Court allows Holocaust legal action
NEW YORK (Reuters) – A U.S. appeals court on Thursday
overturned a ruling that had stopped Holocaust survivors from
seeking more money from a fund set up by German companies to
compensate victims of forced and slave labor in World War Two.
Law firm Cohen, Milstein, Hausfeld & Toll said a lower
court had deemed the dispute a political or diplomatic matter
out of reach of U.S. courts, but the 3rd U.S. Circuit Court of
Appeals now ruled that U.S. legal action could go ahead.
According to the appeals court judgment, Holocaust victims
and their families had been prevented from seeking compensation
for decades after World War Two by various international
agreements and treaties.
But following the fall of the Berlin Wall in 1989, a new
treaty was signed by Germany, the United States, Britain,
France and the former Soviet Union, which was interpreted by
German courts as ending the bar on legal action.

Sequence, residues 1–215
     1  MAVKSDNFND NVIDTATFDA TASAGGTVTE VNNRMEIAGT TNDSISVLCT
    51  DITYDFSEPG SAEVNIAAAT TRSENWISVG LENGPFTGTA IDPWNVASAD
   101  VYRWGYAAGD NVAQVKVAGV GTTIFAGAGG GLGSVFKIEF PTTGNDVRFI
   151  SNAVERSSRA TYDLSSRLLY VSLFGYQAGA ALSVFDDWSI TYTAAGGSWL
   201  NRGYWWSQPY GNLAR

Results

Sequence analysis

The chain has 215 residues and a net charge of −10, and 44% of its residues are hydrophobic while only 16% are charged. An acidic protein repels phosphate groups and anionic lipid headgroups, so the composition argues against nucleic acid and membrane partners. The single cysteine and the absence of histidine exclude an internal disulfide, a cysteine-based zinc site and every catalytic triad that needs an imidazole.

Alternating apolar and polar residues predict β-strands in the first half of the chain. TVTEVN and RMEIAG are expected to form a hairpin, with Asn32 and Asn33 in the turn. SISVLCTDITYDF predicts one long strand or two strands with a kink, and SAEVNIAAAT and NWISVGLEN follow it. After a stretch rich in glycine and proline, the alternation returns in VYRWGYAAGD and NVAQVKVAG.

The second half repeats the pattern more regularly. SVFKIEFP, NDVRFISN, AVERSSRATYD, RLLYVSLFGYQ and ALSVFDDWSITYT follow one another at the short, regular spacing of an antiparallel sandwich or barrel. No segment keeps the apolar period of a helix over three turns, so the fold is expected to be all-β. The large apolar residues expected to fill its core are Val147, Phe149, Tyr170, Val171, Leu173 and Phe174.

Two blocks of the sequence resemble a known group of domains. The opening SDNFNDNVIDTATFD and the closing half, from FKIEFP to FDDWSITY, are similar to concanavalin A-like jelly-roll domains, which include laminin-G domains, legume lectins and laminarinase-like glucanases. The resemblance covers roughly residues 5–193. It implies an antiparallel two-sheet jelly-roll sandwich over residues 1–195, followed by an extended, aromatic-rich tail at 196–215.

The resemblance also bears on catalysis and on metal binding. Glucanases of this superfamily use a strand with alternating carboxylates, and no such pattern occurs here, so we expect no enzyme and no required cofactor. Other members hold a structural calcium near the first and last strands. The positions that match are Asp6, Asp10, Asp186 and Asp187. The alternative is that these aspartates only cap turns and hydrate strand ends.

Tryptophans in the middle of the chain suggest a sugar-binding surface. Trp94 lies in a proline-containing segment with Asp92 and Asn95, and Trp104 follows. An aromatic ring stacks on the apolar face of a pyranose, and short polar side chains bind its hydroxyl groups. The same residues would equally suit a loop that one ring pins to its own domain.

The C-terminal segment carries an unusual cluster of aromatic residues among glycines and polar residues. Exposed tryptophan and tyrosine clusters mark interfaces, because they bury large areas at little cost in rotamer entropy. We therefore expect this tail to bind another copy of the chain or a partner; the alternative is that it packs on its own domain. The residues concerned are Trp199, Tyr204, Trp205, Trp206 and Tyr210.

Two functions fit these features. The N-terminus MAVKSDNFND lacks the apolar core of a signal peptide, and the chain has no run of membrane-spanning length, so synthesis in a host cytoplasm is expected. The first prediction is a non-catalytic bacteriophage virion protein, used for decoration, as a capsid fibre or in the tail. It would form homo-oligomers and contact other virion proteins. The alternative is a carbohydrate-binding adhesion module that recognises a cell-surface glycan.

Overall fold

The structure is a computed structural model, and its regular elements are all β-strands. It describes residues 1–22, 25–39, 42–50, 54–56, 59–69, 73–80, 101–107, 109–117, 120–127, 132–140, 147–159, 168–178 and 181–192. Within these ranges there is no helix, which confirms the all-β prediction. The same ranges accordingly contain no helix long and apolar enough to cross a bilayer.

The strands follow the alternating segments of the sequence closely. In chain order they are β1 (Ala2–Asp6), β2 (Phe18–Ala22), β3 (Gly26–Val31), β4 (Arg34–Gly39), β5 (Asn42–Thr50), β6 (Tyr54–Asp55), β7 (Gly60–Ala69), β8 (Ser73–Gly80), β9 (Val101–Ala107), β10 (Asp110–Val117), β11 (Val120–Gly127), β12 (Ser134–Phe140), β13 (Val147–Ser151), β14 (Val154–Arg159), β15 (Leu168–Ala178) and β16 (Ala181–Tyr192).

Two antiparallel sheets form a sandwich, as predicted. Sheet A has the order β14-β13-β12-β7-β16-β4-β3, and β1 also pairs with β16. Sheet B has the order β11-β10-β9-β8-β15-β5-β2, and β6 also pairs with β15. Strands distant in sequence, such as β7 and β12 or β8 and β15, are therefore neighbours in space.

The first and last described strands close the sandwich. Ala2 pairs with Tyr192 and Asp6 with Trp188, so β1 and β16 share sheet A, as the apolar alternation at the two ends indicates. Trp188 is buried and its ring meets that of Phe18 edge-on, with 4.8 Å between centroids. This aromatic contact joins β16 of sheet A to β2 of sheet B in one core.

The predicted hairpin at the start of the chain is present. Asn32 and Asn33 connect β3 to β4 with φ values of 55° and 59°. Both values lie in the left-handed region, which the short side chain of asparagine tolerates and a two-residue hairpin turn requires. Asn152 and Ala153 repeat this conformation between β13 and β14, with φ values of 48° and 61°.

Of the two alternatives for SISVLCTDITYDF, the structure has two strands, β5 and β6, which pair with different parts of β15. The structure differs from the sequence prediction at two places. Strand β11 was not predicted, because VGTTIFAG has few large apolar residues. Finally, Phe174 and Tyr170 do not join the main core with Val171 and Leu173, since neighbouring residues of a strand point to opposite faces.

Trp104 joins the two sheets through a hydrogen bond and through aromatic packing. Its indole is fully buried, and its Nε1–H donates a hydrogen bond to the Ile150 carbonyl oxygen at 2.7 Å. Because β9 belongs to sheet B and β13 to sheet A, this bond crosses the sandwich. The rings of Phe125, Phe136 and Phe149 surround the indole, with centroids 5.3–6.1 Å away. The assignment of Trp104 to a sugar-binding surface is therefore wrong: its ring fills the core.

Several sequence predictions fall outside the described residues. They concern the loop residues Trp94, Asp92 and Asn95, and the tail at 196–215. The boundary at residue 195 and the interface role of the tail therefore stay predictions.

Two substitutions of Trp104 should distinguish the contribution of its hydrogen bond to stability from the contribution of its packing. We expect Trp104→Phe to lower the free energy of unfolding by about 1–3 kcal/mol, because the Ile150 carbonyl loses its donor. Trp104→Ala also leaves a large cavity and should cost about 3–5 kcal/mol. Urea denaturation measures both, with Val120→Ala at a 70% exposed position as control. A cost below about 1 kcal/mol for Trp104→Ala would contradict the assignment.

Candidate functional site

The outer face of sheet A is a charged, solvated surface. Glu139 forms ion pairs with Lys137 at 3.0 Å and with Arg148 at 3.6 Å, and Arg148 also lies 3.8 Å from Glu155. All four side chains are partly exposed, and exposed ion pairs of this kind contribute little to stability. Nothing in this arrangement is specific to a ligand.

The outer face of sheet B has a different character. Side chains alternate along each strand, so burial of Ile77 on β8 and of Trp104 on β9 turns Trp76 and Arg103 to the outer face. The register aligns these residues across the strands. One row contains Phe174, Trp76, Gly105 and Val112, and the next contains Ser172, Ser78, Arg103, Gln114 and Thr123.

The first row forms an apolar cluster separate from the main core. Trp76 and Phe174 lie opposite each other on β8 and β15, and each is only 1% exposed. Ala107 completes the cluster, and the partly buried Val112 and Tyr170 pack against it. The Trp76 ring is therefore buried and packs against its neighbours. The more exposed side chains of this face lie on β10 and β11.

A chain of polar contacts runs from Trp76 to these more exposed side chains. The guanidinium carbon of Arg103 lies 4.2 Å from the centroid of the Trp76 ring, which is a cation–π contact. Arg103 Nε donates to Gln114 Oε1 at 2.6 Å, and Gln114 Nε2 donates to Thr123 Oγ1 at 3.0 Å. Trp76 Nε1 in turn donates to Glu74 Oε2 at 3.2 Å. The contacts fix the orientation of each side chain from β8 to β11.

In response to the early claims, 17 major German
corporations — including Allianz, Deutsche Bank,
DaimlerChrysler and Volkswagen — established the German
Foundation Industrial Initiative to prepare for more claims.
Cohen, Milstein, Hausfeld & Toll said Holocaust survivors
believe they have been short-changed by the fund and are
seeking more money.
“The interest monies collected from the German companies
could range to $700 million or more, and will be used to
compensate survivors of medical experimentation, forced and
slave labor and other Nazi wrongdoing,” the firm said.
The lawsuit named Allianz, Deutsche Bank, DaimlerChrysler,
Volkswagen, BASF, BMW, Commerzbank, Degussa-Huells, Deutz,
Dresdner Bank, Fried. Krupp Ag Hoesch Krupp, Hoechst, Rag,
Robert Bosch GMBH, Siemens and Veba.